As we all know, this issue is not just about economics or farmers. Although Delhi’s attempts to sell Punjab’s jameen–and that of other regions–to multinational corporations is the immediate flashpoint of this resistance, there is a much deeper context. This is about a fascist government heading an Indian state that has been working to culturally assimilate the subcontinent and politically centralize power in Delhi with the encouragement or tacit complicity of “Western powers.” This latest economic policy is tied in with a larger project to create a homogenized and subdued population helplessly subject to the whims of a xenophobic Hindu nationalism and global capitalism. The trajectory of this process can easily be seen in several initiatives over the past years: demonetization, imposition of GST, abrogation of Article 370 in Kashmir, “reconstruction” of the Ram Mandir, the citizenship amendment laws and countless others.

As articulated by countless naujawan on the ground, this is not just a matter of economic policy or the bills in isolation. Indian liberals and ignorant observers are currently tripping over themselves to declare the Kisaan Morcha as a purely “secular” movement confined solely to the three laws and Hindutva supporters are scrambling to vilify the protests as led by “militant secessionists.” Despite the difference, both have a similar interest. While the liberals are desperately seeking to ignore the full context and distort reality to fit their ideological commitment to Indian nationalism of a Nehruvian brand, the latter are seeking to preemptively legitimize and justify a violent crackdown which could lead to mass arrests and widespread violence. The reality however, is missed by both.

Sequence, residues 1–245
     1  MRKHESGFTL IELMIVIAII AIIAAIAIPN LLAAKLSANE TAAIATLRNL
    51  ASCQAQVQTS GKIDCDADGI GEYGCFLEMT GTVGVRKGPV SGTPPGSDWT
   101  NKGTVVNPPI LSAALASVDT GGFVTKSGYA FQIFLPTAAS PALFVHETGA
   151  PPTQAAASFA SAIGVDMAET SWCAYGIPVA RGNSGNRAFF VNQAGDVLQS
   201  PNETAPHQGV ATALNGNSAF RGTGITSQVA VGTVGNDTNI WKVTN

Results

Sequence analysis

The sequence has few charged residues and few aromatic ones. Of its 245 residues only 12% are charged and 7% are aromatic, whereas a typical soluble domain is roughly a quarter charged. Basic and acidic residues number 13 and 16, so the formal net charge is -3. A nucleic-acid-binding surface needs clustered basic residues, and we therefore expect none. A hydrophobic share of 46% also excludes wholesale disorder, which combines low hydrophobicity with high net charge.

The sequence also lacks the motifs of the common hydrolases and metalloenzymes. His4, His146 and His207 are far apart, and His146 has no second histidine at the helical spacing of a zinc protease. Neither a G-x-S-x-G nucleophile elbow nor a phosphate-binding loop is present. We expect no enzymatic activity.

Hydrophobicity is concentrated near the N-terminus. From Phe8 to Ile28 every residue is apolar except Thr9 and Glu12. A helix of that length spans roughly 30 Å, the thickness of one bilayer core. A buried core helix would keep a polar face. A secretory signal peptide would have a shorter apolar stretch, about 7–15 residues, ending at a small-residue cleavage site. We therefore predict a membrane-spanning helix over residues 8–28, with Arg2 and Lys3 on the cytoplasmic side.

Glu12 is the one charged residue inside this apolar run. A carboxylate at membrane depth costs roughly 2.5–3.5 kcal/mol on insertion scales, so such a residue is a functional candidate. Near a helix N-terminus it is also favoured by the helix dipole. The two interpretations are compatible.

The spirit of the mobilization seen in recent days is the rage of Panth-Punjab’s soul against Delhi; a rage that has been building in the face of decades of violent repression and imperialist policies rooted in assimilation and genocide. This is why there is a qualitative difference between the response in Punjab and other affected regions today. This is a rage that has shown renewed sparks in the past decade but has always been quickly put out. Multiple attempts were made to channel these ongoing frustrations, but they were contained by compromised leadership, misguided tactics, and selective state repression. This rage has once again broken through layers of manufactured complacency, coercive state control, and the restrictive frames of electoral politics. History will mark this moment as a key flashpoint on the path to break Delhi’s stranglehold over Punjab and the entire subcontinent once and for all.

This Morcha is centred around a fundamental question of annkh (dignity), justice, and the right of Punjab to determine its own agricultural policy and tend to its own economic, social, and environmental needs. And while the Guru Khalsa Panth and the life-world of Punjab as a whole remain conceptually distinct, the way our lands and bodies have bled into each other over centuries have intricately woven our destinies together.